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chicagoan2016

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@sambam said as much back in 2019 here...

However it was only supposed to be on the Main Street boots... which are IMHO not really worthy of being called White's but opinions can differ...

I was unaware the cork made its way into the MP... if so, the "All Leather Legend" appellation is no longer really applicable... is it?

I hope the cork has not further made its way into the heritage boots... that would be hugely disappointing...
View attachment 1465614
In my opinion, the only "cork" that should ever be anywhere near a pair of White's look like this:
View attachment 1465620
It's a crying shame White's have to use cork. I wonder if @sambam could confirm the existence of cork on models like Bounty Hunters?
 

wordfool

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The MP is listed as $589 boots, almost the same price range as Nick's boots. In my opinion it doesn't reflect good on White's but I am a newbie.
The MP is in the same price ballpark as the SD and BH/SJ, but they're all slightly different beasts and arguably (IMHO) there's a bit of a "fashion boot" premium on the MP. I own all three, paid about the same for all three (give or take 10%) and my SDs and BHs are definitely more boot for the money.
 

chicagoan2016

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The MP is in the same price ballpark as the SD and BH/SJ, but they're all slightly different beasts and arguably (IMHO) there's a bit of a "fashion boot" premium on the MP. I own all three, paid about the same for all three (give or take 10%) and my SDs and BHs are definitely more boot for the money.
Thank you for the feedback, I hope the cork didn't make its way into the BHs, I have several pairs of AE Boots (Dalton, Sullivans etc) which I consider sort of fashion boots. I will most probably stick to BHs in White's.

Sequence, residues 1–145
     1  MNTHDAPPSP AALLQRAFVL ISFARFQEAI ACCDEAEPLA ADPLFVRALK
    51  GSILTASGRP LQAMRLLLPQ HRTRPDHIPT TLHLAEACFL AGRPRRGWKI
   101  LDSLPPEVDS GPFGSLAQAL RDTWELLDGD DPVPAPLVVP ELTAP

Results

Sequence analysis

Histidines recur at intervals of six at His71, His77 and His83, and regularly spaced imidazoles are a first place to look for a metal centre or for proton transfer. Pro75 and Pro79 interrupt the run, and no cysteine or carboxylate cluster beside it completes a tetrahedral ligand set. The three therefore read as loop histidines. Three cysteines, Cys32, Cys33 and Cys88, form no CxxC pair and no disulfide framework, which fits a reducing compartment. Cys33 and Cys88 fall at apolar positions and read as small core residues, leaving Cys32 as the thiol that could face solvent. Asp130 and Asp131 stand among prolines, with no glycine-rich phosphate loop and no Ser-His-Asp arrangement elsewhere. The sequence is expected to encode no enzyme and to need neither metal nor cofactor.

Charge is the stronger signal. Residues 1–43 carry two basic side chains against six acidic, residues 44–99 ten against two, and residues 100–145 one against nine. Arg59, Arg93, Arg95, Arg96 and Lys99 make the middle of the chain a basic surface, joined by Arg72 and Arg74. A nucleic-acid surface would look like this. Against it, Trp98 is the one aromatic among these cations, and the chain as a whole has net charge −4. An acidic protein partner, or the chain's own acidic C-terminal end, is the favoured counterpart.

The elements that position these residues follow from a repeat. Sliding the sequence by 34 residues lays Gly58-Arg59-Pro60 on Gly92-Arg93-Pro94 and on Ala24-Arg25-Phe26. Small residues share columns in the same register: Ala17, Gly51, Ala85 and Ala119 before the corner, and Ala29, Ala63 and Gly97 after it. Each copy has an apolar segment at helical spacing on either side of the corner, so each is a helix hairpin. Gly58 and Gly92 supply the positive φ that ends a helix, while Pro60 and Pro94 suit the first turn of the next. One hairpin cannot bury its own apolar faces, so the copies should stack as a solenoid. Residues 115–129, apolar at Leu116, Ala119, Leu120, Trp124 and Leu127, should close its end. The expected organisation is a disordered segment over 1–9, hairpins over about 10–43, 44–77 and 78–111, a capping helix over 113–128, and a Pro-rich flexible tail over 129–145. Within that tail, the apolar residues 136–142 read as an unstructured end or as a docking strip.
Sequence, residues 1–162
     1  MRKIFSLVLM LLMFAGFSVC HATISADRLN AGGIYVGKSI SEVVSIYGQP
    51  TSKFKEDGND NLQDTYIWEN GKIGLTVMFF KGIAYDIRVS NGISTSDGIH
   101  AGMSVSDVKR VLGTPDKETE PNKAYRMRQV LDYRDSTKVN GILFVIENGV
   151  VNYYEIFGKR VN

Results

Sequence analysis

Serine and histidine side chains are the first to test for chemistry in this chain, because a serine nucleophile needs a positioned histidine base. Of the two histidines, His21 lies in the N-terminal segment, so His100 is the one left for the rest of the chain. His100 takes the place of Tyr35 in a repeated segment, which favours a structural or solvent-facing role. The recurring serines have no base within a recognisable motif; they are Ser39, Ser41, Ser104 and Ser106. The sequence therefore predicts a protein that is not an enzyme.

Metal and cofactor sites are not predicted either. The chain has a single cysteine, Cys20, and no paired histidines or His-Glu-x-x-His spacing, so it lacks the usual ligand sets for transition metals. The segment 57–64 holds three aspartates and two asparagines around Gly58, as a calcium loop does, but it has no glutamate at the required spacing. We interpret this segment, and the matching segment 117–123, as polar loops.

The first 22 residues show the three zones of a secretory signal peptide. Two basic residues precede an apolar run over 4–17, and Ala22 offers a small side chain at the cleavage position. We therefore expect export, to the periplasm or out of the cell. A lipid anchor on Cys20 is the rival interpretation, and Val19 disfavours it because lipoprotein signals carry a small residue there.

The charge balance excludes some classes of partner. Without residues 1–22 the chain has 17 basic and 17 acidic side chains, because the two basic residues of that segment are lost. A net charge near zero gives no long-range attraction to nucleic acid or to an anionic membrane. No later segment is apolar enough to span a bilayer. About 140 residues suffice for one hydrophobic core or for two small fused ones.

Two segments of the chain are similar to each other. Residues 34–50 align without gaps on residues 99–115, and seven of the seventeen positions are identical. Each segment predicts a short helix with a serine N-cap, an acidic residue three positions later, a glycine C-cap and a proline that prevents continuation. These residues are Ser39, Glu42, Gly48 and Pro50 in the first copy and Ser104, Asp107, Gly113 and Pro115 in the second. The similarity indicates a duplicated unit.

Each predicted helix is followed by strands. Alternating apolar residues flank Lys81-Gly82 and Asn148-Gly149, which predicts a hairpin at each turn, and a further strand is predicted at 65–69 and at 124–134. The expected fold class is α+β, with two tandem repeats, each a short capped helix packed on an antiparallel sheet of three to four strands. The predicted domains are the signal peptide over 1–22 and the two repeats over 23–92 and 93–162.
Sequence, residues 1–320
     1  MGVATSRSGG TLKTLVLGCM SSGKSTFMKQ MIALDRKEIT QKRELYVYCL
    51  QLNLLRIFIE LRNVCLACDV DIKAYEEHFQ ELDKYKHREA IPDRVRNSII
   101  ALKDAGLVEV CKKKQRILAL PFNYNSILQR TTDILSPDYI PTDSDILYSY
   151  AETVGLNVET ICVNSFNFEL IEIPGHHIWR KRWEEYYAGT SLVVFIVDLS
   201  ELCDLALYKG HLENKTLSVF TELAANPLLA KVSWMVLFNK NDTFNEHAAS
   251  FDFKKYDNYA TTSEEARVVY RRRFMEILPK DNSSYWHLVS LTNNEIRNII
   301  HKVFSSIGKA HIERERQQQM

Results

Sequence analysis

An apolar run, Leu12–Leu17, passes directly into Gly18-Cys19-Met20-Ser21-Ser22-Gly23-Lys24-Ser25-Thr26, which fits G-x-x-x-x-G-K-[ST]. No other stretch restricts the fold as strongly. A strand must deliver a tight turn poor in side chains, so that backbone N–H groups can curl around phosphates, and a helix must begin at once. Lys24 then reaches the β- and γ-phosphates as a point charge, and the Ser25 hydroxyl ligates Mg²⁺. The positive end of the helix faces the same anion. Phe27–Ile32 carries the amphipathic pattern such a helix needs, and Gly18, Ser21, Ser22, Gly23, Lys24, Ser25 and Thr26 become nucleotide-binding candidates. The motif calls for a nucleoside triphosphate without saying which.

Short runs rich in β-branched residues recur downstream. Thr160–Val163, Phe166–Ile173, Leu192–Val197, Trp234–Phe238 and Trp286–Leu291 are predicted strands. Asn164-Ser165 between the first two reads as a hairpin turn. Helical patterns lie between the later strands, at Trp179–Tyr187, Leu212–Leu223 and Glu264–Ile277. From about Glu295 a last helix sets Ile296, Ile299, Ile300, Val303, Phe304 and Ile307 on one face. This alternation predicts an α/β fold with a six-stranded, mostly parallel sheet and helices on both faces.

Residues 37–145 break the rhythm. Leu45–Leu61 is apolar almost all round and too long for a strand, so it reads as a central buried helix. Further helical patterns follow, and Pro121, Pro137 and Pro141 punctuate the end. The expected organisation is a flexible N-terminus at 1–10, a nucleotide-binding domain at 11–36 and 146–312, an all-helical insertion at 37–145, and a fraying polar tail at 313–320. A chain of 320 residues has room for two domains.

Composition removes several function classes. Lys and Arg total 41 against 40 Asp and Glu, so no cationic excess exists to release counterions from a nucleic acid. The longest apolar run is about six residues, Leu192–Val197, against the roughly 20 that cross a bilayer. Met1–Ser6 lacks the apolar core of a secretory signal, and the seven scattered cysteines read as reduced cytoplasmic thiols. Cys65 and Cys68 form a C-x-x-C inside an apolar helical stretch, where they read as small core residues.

Jimk4003

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Is that a fair comparison? The MP is a step below the sort of construction for which White's work boots (SD, SJ etc.) are best known -- it even comes in a different color box! Yes, the MP is still built like a tank compared to the likes of Red Wing or Wolverine, but it's not built as tank like as some of the arch-ease lasted boots that I'd consider true "work" boots.
I think it's a fair comparison insofar as the video is comparing the 'casual' offerings from the two companies. If he'd compared, say, a Nick's Hot Shot to a White's MP, I'd agree that wouldn't be very fair.

The video does also state there are fewer differences between the two companies work boot lines.
 
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Jimk4003

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For some reason, 'using cork' feels like White's is trying to cut corners : )
I'm not as fussed about the cork as some other people seem to be.

There's a Nick's factory tour on YouTube that shows Nick's adding a thin rubber slipsole between the layers of leather to prevent the midsoles squeaking as you walk. Viberg used to do something similar before switching to cork as part of a sustainability push.

Perhaps the cork in the White's is there for similar reasons? Not sure how effective it is mind, as I've had to return a pair of MP boots before for excessive squeaking. Go figure.

I was slightly more concerned that half the rows of stitching on the cap toe are purely decorative. That's a high-stress, high-flex area of the boot, and only having two rows of lightweight stitching holding the toe of the boot to the vamp seems an odd design choice. To be fair, the vamp liner should add a bit of structural integrity, but even that's a double-edged sword, as it would make any repair harder without having to stitch through the liner. I'd have preferred to see all four rows of stitching actually used as structural elements.